Large cities often have landmarks that are recognizable even if you have never been to the city. You see Big Ben and you know you’re in London. The Eiffel Tower, you’ve got Paris. The Sydney Opera House, you know it’s Sydney. The Space Needle and you are in Seattle.
The Space Needle was built for the 1962 World’s Fair. The theme of the fair was the 21st century. The Space Needle was to be the centerpiece of the fair capturing the theme of the fair quite well in my opinion… I mean the structure looks like something out of the Jetsons, right?
I had been to Seattle many times but never to the top of the Space Needle. On my last trip to Seattle I checked this off my list. My friend Meg and I took the quick 43 second elevator ride to the observation deck, arriving at 520 feet (158m) above the ground. We had a great day to be out on the observation deck. Seeing a city from a high vantage point is one of my favorite things.
We also got to see the Experience Music Project Museum from above. According to Frank Gehry, the architect, the exterior of the building is suppose to represent a smashed electric guitar. It is a pretty abstract representation if you ask me. Although I will admit I have not smashed an electric guitar, where as Gehry apparently did while designing the building.
The Space Needle is located at 400 Broad Street. You can visit 7 days a week with tickets starting at $12 USD. The Space Needle is included in the Seattle City Pass package if you are looking to save money on several tourist activities around Seattle. Another fun option while at the Space Needle is to grab a bite to eat at the SkyCity Restaurant, located at the top. The restaurant is unique as it slowly (about 5 mph) rotates, giving you a panoramic view of Seattle.
Another well known spot in Seattle is the Pike Street Market. The market opened on August 17th 1907 and has continued to run over the years, overcoming historic hurtles such as several wars and the depression. The market was developed as a way to control the cost of goods between the farmers and consumers, getting the goods directly to the consumer without the middleman wholesaler getting in the way.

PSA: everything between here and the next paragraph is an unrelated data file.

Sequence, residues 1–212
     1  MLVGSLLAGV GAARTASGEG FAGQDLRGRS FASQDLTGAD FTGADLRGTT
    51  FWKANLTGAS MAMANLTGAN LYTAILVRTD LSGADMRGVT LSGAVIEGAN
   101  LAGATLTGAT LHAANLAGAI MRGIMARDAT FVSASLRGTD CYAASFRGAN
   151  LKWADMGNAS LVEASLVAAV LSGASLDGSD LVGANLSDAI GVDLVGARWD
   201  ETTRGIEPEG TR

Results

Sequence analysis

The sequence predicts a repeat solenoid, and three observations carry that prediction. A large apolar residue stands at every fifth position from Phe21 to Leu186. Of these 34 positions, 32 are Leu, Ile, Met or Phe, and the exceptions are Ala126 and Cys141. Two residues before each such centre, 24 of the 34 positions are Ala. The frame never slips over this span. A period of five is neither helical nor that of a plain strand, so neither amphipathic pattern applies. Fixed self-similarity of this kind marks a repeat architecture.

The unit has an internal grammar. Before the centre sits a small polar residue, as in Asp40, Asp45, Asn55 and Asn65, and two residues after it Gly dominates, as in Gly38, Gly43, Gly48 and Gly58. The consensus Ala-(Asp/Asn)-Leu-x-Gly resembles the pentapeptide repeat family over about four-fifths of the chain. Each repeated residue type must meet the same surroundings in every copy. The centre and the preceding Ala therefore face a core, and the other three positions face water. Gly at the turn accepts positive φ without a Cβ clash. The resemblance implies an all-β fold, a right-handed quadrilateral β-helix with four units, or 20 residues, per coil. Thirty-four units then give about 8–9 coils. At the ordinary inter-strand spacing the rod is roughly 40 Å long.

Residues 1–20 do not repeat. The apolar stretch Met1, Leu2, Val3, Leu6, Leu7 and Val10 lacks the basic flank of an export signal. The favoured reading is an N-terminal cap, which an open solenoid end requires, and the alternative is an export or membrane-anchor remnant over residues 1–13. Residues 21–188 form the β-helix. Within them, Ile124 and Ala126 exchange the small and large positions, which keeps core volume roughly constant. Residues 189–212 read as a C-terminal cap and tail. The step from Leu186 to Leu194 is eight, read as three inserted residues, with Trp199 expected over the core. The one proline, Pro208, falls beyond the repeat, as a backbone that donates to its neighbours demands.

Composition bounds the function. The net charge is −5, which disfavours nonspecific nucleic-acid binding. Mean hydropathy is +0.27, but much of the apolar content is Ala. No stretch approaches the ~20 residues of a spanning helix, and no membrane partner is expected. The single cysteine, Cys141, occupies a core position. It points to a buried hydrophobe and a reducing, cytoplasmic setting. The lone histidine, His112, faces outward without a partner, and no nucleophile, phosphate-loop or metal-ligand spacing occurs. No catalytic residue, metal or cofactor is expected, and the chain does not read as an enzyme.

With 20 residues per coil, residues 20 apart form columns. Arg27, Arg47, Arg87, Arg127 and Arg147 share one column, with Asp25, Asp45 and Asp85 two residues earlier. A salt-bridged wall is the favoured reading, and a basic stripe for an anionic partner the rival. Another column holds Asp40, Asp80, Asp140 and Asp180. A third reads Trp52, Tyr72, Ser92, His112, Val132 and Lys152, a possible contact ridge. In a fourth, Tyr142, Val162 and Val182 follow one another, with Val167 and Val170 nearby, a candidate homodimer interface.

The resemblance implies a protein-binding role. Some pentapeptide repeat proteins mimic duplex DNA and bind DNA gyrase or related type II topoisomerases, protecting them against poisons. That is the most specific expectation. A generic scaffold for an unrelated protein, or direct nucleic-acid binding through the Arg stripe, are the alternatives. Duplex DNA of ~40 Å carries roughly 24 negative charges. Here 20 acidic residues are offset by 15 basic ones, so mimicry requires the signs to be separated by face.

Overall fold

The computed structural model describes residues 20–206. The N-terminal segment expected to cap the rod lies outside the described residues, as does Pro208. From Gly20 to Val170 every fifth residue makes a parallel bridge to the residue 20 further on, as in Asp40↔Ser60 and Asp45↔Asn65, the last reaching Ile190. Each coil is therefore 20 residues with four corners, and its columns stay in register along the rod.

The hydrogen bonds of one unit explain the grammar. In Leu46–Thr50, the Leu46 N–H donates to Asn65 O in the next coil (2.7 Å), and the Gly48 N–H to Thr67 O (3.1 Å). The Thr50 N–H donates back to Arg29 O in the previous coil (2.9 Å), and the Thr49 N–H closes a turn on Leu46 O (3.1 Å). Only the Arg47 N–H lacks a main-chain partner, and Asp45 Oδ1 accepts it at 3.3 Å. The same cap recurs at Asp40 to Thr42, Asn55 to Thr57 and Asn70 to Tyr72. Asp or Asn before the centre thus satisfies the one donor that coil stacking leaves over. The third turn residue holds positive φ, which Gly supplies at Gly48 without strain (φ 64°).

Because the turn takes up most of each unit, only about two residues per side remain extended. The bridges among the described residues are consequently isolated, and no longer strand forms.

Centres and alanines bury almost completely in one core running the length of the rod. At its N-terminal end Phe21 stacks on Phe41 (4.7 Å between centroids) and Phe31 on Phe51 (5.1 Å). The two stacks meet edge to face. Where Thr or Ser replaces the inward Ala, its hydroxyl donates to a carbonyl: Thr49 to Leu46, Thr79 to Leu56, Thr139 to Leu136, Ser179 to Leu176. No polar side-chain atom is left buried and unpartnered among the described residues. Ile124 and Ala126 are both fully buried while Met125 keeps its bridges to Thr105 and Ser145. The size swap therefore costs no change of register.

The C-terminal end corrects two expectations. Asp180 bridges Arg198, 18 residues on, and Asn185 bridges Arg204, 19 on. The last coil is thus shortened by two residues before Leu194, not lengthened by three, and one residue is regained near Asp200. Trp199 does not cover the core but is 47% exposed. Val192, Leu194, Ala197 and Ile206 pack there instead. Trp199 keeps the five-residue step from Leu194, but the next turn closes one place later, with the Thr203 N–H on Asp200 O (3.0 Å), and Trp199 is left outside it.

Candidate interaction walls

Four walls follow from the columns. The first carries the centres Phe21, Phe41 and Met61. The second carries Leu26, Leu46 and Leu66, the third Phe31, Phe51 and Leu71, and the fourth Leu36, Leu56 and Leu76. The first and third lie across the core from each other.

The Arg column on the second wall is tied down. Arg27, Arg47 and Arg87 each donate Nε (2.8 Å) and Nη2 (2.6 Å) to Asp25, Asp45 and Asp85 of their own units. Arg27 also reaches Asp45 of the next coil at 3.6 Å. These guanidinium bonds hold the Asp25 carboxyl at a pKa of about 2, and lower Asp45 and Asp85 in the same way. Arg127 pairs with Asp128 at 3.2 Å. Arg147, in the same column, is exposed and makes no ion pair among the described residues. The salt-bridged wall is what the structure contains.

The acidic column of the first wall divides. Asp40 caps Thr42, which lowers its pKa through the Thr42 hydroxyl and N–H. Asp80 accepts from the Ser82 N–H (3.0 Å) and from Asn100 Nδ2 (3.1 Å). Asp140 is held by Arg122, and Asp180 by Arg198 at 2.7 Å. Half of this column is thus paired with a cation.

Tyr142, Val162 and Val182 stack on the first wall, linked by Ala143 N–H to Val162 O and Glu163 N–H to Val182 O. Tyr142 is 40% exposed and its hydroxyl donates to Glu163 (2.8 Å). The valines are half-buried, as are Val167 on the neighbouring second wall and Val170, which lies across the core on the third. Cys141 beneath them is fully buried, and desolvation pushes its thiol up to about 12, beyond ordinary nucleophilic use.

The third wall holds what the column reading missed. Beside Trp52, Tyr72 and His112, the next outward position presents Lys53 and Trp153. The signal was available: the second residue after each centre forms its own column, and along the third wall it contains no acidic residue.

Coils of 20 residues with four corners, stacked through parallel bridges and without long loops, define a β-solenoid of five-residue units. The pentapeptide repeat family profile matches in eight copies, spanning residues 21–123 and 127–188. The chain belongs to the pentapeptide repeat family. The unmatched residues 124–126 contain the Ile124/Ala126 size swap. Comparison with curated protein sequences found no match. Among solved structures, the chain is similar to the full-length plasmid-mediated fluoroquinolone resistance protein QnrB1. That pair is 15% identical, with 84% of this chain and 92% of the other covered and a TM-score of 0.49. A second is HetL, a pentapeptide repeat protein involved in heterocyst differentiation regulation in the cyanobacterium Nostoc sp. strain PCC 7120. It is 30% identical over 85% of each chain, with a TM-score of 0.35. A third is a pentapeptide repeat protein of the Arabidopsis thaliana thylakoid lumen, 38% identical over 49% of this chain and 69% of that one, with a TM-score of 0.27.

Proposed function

The market is basically a well organized farmers’ market with fresh goods right from the farm. There are also crafters including photographers, painters and jewelry artisans. Probably the most notable at the market are the specialty foods stalls, where the meats, dairy and fresh fish are a flying! And I’m not kidding, the fish are literally flying. So keep a sharp eye out while you’re there! Another hot spot for the market is the fresh cut flowers section. If you love flowers or need to pick up flowers for someone, this is the spot for you.
Pike Place Market is located on 1st Ave and Pike Street. They are open daily and opening times vary. While you are there be sure to visit another piece of history, the original Starbucks, located at 102 Pike Street.
Lastly you can’t miss the oddly disgusting Gum Wall. It is literally a wall of gum that has been around since the 1990’s. Add your own gum or just admire the large amounts of gum stuck to the wall.
There is also some interesting artwork along the alleyway as well. At the time of our visit the artwork was not covered in gum… but there’s no telling if it is now! The Gum Wall is located in Post Alley under the Pike Place Market.
And for you beer lovers, Pike Brewing Company is located 1415 First Ave. Give their Pike Kilt Lifter, a Scotch ale or the Pike Pale Ale a try.